Work is ready to go ahead on a special economic zone (SEZ) for the automotive industry near Vladivostok, capital of Russia’s Far East territory. The main focus will be on attracting carmakers from Korea, Japan and China to launch parts production and complete knockdown (CKD) kit assembly, though the authorities have called on all carmakers to participate in the project.

A draft decree on the project prepared by the Ministry of Economic Development has already passed all the necessary negotiation stages and been approved by the government.

The initial amount of investment on the project is around RUB30 billion ($840m), with a further RUB20bn to be secured from the private investors. According to project representatives, agreements with several Japanese and South Korean parts makers worth RUB 1.1 billion have already been signed.

Investors in the SEZ will be provided with a package of benefits according to the federal law on SEZs, including the use of the customs regime of the free customs zone, as well as benefits on income tax, and property and land tax.

Dmitry Baranov, senior expert of consulting financial agency Finam Management, said the SEZ is was an important project with good long-term prospects, a view backed up by the Russian Ministry of Economic Development, which expects the volume of revenue generated by the SEZ to reach RUB 767 billion by 2023. However, experts warn that the recent political and economical pressure on Russia could see Western companies holding back on plans to invest in launching local capacities for a while.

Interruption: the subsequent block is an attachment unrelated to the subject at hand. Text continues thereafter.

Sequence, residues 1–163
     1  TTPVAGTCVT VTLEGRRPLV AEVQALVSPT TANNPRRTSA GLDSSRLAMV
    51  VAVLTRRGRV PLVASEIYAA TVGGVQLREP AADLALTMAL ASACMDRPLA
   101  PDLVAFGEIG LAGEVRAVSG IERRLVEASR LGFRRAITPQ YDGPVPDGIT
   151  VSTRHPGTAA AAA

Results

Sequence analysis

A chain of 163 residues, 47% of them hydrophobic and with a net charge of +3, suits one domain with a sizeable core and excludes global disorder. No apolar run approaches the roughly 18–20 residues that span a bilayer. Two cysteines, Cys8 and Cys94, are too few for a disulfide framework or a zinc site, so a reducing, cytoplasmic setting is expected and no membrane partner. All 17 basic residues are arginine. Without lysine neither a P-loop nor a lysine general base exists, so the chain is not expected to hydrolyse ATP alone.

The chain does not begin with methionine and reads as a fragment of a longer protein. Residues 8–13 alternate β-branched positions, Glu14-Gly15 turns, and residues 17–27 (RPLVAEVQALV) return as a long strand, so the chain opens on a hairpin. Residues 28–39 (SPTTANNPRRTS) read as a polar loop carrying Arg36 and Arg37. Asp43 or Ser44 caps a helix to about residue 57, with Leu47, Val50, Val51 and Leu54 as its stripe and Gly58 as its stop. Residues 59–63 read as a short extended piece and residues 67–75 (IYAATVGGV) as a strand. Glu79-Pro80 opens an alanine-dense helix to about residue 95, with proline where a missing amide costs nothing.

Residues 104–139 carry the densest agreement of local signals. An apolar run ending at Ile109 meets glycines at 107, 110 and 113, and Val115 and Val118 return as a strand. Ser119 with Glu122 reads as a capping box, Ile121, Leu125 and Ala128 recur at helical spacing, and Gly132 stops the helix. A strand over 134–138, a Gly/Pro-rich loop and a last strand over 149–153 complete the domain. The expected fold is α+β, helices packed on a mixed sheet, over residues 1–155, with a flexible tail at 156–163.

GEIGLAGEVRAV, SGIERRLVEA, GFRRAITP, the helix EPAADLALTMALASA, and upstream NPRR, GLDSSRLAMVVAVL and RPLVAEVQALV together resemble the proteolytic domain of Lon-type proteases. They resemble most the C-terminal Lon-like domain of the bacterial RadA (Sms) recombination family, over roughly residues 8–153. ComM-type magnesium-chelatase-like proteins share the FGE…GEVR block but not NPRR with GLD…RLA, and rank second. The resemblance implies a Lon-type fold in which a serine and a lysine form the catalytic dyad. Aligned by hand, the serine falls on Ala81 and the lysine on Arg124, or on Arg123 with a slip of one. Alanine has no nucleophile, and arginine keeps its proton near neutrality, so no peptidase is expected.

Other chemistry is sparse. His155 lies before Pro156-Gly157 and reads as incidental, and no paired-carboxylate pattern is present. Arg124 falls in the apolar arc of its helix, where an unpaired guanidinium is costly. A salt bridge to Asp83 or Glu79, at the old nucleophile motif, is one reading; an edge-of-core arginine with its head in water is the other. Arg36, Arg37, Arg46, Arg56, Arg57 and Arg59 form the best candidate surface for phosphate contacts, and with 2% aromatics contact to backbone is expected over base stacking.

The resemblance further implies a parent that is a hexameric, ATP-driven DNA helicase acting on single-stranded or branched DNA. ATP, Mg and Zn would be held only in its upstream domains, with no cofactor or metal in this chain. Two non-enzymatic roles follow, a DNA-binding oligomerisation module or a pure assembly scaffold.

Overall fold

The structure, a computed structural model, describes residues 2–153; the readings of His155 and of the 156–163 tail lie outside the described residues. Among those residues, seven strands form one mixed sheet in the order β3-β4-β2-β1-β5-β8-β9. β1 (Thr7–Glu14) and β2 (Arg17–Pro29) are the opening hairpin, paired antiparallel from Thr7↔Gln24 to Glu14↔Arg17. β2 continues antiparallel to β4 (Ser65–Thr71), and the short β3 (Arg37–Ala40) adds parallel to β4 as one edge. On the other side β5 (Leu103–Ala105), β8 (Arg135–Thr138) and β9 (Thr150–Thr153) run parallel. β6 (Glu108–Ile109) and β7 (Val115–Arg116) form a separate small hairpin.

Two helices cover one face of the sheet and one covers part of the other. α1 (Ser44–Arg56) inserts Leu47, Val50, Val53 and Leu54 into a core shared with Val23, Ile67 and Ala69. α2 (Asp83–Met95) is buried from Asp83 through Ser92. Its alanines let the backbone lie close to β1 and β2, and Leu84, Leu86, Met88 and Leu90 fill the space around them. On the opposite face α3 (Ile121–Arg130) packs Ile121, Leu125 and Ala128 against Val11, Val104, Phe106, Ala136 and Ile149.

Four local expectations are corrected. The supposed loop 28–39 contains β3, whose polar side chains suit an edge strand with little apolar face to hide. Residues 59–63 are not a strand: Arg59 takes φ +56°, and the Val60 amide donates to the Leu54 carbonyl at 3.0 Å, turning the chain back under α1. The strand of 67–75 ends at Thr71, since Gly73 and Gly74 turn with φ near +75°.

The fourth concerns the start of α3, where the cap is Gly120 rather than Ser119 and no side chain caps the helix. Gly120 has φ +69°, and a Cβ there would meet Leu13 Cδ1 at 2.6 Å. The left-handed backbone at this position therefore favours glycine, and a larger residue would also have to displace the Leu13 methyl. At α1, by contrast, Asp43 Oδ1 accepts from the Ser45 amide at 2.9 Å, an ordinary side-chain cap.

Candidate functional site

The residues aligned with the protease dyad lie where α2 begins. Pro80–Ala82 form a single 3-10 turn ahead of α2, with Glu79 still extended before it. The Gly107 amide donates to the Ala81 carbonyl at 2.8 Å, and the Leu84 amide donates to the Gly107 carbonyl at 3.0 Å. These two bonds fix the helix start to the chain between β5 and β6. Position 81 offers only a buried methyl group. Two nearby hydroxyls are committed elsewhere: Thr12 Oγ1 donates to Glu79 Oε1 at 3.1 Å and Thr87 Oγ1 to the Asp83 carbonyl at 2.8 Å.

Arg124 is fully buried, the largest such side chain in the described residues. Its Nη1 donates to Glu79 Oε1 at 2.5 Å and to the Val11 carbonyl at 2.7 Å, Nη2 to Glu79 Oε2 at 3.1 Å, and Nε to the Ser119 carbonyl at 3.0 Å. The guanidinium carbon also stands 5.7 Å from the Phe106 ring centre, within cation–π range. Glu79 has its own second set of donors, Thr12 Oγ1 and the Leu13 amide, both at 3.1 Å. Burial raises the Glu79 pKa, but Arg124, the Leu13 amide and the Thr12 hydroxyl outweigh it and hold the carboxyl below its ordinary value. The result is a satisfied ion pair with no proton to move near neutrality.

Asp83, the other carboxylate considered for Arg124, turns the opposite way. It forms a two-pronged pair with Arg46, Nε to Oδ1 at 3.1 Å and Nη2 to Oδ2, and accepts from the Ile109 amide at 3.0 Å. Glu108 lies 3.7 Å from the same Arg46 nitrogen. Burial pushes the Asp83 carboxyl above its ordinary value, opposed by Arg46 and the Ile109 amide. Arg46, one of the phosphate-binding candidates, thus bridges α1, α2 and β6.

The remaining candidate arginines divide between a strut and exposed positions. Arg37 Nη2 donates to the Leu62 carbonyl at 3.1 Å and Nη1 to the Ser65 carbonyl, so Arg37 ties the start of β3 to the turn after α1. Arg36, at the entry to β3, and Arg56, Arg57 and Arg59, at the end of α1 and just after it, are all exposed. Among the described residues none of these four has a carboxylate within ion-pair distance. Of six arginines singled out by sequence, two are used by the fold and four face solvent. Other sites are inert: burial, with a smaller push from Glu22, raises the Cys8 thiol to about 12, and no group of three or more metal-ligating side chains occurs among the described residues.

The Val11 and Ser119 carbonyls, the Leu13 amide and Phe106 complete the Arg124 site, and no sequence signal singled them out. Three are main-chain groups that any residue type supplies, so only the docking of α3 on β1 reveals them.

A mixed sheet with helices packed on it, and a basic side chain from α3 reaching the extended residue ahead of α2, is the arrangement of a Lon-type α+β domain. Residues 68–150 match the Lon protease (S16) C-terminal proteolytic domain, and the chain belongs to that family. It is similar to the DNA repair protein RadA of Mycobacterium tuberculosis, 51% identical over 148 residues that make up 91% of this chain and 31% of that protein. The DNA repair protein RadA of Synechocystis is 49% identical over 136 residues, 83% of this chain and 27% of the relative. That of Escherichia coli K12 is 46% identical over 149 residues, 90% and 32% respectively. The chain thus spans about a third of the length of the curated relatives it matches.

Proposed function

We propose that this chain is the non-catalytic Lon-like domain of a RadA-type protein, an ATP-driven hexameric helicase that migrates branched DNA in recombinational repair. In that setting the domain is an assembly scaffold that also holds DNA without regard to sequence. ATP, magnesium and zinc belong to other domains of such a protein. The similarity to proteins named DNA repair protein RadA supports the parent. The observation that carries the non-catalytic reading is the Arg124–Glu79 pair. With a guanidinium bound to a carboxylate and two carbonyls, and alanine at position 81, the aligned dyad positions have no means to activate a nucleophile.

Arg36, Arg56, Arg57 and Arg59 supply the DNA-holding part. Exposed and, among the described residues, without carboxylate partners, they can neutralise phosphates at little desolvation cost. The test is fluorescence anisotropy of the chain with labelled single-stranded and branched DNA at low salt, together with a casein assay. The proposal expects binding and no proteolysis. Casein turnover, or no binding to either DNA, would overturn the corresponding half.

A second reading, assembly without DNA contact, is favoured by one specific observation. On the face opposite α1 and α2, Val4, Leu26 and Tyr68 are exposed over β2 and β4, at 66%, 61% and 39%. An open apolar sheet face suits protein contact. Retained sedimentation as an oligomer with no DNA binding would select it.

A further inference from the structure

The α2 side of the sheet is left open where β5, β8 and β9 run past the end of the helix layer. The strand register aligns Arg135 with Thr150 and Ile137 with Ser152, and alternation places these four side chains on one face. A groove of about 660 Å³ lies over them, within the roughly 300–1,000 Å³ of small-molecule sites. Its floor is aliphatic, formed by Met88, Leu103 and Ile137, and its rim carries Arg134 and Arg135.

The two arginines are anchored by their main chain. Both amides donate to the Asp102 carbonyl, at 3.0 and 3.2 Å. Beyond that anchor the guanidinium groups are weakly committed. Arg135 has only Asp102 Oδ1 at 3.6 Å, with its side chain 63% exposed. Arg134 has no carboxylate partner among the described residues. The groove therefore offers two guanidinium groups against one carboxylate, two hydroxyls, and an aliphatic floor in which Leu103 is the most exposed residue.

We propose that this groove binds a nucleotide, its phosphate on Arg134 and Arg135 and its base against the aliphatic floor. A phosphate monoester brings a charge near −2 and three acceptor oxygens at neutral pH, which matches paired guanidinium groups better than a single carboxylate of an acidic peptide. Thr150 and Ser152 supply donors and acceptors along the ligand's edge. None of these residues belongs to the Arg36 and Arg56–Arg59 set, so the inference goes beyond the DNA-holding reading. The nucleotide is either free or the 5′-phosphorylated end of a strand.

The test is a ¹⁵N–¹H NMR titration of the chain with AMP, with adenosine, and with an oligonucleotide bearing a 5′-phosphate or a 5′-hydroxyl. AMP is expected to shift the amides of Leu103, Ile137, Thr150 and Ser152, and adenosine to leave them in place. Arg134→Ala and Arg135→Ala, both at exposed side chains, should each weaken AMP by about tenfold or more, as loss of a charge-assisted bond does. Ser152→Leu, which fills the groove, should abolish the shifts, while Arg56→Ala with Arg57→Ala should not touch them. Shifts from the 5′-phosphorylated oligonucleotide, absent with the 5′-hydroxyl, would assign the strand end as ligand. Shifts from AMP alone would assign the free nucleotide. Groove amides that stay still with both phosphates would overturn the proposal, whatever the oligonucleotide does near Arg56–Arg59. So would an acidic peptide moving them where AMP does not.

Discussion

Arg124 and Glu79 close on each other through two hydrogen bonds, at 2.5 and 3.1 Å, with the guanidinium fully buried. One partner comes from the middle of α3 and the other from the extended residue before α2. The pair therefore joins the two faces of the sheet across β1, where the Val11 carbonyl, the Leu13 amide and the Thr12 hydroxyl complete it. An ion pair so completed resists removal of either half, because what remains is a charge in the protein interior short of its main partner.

"Due to recent events in Ukraine, already introduced sanctions against Russia and possible tightening of them, many foreign manufacturers of automotive components may refuse to work in Vladivostok," warned Baranov.

Meanwhile, Sollers Group has been invited to coordinate the SEZ and Ford and Mazda Sollers are already reported to have expressed an interest in the project. Another contributor to the project is Pacific Logistic, which will invest RUB3.7 billion in the construction of infrastructure facilities in the zone.

Companies setting up in the SEZ will be encouraged to build up the level of localisation to 100%.

The Russian government currently spends about RUB3.3 billion on subsidising transport from the Far East regions to its main sales market at the European end of the country.

“The SEZ has an advantage because it takes away the business from the customs space,” said Igor Melamed, an expert at analyst Business Russia. “For automotive assembly, of course, it will be profitable to expand in order to increase the scale of production."